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An art-name (in Japanese, go) is a pseudonym, or pen-name, used by an Japanese artist, which they sometimes change.

In some cases, artists adopted different go at different stages of their career, usually to mark significant changes in their life. One of the most extreme examples of this is Hokusai, who in the period 1798 to 1806 alone used no less than six!

Art-Names and Schools

An woodblock print artist's first go is usually given to them by the head of the school (a group of artists and apprentices, with a senior as master of the school) in which they initially studied; this go usually includes one of the syllables of the master's go.

One can often track the relationship among artists with this, especially in later years, when it seems to have been fairly (although not uniformly) systematic that the first syllable of the pupil's go was the last syllable of the master's go.

Thus, an artist named Toyoharu had a student named Toyohiro, who, in turn, had as a pupil the famous landscape artist Hiroshige.

Another person who studied under Toyoharu was the principal head of the Utagawa school, Toyokuni. Toyokuni had pupils named Kunisada and Kuniyoshi. Kuniyoshi, in turn, had as a student Yoshtoshi, whose pupils included Toshikata.

Inherited and Re-used Art-Names

In some schools, in particular the main Utagawa school, the go of the most senior member was adopted by his chief pupil when the master died, and the chief pupil took over as head of the school. In addition, perhaps as a sign of respect, sometimes later artists took the go of some much older (and dead) artist.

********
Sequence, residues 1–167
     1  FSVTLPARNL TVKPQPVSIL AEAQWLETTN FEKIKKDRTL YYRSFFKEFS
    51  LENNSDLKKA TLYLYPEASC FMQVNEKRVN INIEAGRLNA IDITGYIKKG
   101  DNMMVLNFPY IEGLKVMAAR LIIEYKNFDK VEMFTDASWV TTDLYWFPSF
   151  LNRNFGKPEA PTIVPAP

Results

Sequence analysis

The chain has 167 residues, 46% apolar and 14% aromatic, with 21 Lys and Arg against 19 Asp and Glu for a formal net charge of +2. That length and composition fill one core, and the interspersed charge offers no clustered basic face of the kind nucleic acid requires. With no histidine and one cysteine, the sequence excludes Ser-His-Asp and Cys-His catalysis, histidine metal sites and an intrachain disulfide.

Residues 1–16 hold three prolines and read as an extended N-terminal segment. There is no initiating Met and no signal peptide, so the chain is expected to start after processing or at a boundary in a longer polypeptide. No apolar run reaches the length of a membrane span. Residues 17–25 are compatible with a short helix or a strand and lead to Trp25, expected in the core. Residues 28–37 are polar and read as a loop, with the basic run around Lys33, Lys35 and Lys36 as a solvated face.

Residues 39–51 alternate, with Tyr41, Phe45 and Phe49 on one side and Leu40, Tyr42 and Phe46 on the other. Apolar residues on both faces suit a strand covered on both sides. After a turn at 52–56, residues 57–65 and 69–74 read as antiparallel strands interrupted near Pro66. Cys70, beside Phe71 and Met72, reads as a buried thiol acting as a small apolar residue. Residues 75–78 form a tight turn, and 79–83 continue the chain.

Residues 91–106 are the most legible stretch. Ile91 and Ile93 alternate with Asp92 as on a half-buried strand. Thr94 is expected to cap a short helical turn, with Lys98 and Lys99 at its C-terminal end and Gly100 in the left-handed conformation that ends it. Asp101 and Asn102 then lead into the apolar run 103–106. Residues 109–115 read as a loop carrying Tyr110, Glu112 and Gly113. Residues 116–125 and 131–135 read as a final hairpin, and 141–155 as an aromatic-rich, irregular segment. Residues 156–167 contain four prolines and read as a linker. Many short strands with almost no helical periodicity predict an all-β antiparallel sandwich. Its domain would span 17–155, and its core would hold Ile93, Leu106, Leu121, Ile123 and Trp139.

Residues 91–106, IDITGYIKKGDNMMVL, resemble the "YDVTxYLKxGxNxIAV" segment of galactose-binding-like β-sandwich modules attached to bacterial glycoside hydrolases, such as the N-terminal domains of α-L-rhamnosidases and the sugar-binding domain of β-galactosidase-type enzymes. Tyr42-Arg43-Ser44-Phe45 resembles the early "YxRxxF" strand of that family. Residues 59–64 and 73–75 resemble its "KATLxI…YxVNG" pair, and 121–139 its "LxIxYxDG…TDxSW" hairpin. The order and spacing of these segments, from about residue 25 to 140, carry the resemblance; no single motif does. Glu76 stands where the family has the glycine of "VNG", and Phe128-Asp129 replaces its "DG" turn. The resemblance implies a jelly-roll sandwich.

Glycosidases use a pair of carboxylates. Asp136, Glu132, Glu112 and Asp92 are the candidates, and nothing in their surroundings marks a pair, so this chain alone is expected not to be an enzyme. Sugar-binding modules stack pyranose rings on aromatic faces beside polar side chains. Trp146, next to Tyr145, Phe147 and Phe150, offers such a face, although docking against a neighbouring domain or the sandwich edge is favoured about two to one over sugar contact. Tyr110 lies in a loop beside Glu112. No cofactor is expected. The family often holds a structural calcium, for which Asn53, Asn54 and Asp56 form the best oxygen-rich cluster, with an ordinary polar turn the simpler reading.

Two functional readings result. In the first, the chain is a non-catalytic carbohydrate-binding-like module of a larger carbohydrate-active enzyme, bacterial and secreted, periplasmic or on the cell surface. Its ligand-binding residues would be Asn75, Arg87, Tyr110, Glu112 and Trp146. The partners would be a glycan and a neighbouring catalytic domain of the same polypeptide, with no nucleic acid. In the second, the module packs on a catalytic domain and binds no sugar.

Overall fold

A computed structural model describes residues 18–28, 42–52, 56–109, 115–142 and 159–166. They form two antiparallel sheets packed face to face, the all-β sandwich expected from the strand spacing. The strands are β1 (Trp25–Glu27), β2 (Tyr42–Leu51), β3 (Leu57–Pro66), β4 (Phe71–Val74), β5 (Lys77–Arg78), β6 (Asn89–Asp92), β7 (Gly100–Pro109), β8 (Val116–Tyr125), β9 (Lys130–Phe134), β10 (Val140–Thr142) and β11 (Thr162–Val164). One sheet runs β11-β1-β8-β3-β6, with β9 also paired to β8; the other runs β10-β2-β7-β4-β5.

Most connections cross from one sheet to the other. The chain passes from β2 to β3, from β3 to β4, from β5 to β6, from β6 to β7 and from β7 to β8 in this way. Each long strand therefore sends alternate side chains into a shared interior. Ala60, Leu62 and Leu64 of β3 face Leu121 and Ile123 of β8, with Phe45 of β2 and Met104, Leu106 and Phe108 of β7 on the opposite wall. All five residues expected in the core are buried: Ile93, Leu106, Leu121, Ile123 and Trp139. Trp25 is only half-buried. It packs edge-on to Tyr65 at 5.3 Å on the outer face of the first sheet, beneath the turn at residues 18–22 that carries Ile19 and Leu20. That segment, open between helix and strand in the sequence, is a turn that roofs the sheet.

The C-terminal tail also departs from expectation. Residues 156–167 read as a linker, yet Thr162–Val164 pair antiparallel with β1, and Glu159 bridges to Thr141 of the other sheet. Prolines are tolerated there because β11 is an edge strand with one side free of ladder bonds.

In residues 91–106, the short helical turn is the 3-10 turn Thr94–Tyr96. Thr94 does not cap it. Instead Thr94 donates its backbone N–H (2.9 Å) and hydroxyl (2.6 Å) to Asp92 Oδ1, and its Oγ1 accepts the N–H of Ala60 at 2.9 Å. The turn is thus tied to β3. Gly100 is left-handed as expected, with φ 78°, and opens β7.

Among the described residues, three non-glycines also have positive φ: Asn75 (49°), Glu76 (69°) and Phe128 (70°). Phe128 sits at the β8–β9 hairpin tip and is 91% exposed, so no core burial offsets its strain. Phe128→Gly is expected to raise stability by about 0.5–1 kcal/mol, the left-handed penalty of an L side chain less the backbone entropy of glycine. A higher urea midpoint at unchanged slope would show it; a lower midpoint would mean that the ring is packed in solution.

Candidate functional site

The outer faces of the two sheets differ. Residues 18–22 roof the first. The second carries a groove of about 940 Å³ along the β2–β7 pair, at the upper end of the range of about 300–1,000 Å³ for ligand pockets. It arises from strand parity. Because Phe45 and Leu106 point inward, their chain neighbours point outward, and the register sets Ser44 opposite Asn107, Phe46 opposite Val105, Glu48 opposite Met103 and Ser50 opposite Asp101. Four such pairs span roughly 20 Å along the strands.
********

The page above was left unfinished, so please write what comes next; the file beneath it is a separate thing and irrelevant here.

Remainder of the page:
This obviously can make attribution rather difficult - two prints signed with a particular go may in fact be by totally different people! Given a print signed with a go used by a number of different people who signed with that name, it can sometime be a bit difficult to be certain which one did that print.

One has to use a number of different clues to figure out which one it actually is. One good one is to use the censor seal to determine the date of a print, which will generally allow one to determine definitively which artist is involved.

With particular artists, there are a number of other techniques one can use, the detail of which is beyond the scope of this article. One can use the general style of a print to differentiate among earlier and later artists, for instance. Others may have specific clues allowing one to determine which artist is involved.

For example, Kunisada (once he had changed his go to Toyokuni) made a habit of signing his prints with his signature inside an elongated oval version of the toshidama (literally, 'New Year's Jewel') seal of the Utagawa school, an unusual cartouche with the zig-zag in the upper right-hand corner. His successors continued this practise. Any print signed in this manner is therefore not by one of the earlier users of that name.

In general, in modern writing, the style is to identify the particular artist one is speaking of by use of a Roman numeral to identify the artist's number within the sequence of artists using a particular go. Thus, Kunisada I (for he had pupils who in turn used his go) is also known as Toyokuni III, since he was the third artist to sign with that go.